But everyone calls them by a far more romantic name: flying cars.
The video, which Lilium says was shot on May 4, near its Munich headquarters, shows the Jet’s sole test so far. In the roughly 15 seconds of footage, the five-seater does not rise more than a few feet off the ground. It does not carry any passengers: A licensed pilot stood on the ground during the test and controlled the Jet remotely. And it does not fly either forward or backward—though Remo Gerber, Lilium’s chief commercial officer, says its smaller test models have done so.
But the company says the test nonetheless represents a major milestone because the five-seat model will “serve as a template for mass production,” according to a spokeswoman for Lilium.
Eventually, Lilium hopes to use a fleet of five-seaters to ferry customers around metropolitan areas or between cities. It claims that flights booked through its app will be price-competitive with major airlines, but require far less infrastructure investment than an airport. A Jet requires only “a heliport type of structure, plus parking spaces around it,” Gerber told me. “It’s nowhere near comparable to any rail or road investments.”
“We are very confident that we will have it in a number of different cities by 2025,” Gerber said. He envisions Jets linking New York to Boston, Philadelphia, or the Hamptons. A flight between downtown Manhattan and John F. Kennedy International Airport would cost $70 and take only six minutes, he says. Today that trip by taxi takes at least an hour, but costs about the same.
At least 16 companies are trying to build electric flying cars or taxis, according to Transport Up, a news site that follows the budding industry. And Wired reports that a number of companies have already discreetly met to plan regulatory change. But only a handful have made successful test flights. Vahana, a start-up owned by the European aerospace conglomerate Airbus, says that it has made 50 test flights with its full-scale model, totaling more than five hours of flying time. Both the U.S. giant Boeing and the Silicon Valley–based start-up Kitty Hawk have completed test flights of smaller VTOLs.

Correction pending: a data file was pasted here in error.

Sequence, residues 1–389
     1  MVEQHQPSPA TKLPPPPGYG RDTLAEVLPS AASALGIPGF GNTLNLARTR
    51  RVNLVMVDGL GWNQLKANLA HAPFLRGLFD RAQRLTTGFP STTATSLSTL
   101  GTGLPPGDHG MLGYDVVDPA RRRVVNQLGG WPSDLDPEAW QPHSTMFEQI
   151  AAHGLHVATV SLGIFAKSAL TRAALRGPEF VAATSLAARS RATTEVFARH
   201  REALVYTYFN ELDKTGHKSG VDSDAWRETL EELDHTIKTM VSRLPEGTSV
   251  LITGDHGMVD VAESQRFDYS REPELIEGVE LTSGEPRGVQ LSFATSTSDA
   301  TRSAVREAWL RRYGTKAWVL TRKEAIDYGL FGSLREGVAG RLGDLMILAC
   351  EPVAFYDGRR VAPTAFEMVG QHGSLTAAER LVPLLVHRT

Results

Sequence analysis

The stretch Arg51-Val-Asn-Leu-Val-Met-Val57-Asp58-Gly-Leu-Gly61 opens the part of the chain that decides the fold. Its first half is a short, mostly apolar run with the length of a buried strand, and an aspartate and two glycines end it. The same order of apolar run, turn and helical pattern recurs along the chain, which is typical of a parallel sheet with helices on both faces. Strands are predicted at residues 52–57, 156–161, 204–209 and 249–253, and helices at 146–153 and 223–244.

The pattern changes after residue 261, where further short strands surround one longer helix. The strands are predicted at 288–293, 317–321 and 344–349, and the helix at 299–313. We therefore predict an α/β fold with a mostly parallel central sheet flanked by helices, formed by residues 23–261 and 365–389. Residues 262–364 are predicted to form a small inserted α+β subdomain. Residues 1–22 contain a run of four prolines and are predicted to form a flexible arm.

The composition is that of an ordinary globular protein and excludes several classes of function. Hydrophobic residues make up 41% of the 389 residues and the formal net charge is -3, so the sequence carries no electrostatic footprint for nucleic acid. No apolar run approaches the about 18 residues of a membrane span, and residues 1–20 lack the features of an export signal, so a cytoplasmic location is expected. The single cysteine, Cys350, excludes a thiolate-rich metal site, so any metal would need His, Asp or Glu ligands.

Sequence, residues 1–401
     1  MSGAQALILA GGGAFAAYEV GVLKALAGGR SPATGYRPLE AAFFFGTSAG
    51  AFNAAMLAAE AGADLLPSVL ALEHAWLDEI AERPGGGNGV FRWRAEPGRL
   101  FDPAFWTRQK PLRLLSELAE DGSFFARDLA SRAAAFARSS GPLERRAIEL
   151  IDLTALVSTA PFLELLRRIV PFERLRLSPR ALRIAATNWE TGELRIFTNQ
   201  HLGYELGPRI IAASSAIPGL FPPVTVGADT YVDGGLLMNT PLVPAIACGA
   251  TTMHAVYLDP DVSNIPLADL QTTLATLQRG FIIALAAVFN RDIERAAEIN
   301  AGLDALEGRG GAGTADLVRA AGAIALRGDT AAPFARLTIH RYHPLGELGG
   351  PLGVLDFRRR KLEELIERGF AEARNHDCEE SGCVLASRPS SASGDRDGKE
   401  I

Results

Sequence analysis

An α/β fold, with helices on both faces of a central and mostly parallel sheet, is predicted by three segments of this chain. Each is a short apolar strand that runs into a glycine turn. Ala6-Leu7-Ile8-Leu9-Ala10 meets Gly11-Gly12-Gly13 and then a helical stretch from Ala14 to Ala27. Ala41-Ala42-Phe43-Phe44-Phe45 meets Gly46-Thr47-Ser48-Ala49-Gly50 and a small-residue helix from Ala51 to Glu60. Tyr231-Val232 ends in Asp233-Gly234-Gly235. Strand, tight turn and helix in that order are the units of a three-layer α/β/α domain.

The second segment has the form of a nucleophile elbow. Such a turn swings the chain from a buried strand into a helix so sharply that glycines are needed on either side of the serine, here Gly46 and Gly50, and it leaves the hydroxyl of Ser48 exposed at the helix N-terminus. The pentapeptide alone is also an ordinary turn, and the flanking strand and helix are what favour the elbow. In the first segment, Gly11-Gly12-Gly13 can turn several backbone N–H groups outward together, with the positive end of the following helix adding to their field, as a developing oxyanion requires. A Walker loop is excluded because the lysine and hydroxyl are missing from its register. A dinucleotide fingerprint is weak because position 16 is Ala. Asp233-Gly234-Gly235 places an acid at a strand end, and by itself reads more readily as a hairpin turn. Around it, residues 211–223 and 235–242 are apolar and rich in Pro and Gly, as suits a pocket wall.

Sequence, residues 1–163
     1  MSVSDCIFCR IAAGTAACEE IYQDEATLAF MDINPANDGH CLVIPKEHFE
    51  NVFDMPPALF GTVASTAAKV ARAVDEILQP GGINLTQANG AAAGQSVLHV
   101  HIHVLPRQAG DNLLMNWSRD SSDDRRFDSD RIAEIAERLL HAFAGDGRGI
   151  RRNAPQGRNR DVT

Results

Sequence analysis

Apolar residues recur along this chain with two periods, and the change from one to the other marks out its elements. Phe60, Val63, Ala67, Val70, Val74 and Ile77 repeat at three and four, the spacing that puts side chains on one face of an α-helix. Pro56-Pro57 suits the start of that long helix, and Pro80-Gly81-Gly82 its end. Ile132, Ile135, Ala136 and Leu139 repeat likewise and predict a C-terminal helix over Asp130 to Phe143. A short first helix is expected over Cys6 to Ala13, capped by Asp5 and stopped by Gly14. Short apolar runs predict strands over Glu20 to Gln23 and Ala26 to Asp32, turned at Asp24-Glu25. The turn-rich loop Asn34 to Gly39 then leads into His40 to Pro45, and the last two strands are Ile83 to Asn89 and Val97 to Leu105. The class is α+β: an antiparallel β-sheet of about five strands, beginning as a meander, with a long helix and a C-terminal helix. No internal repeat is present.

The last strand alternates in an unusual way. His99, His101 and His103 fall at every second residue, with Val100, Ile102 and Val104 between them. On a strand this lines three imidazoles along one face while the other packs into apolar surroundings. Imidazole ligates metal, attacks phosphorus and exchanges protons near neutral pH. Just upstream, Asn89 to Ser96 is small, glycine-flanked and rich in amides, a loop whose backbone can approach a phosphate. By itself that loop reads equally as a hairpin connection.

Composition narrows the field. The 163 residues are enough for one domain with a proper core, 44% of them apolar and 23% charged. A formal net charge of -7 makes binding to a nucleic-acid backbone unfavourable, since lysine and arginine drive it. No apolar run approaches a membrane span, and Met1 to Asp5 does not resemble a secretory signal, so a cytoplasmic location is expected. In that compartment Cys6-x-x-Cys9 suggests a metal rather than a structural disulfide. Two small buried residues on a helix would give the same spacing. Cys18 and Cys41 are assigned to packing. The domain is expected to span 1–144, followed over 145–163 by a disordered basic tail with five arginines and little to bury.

Lilium stands out by promising a far longer range than most of its competitors. While many companies say their VTOLs will travel 60 miles on a single charge, Lilium says (but has yet to prove) that it can eke out 185 miles. “We don’t have a magical battery,” Gerber said, adding that the Jet’s solid-body wings and dozens of small electric motors allow it to cruise while using little energy.
Greg Keoleian, an engineering professor at the University of Michigan, could not comment on Lilium’s specific range claim, but he agreed that VTOLs are more efficient when cruising forward than when hovering. In a paper published last month, Keoleian and his colleagues found that a fully loaded flying car could be more efficient than an electric car at a distance of more than 60 miles. Flying cars are more efficient—and emit less carbon pollution—than gasoline-burning cars when going longer than 21 miles.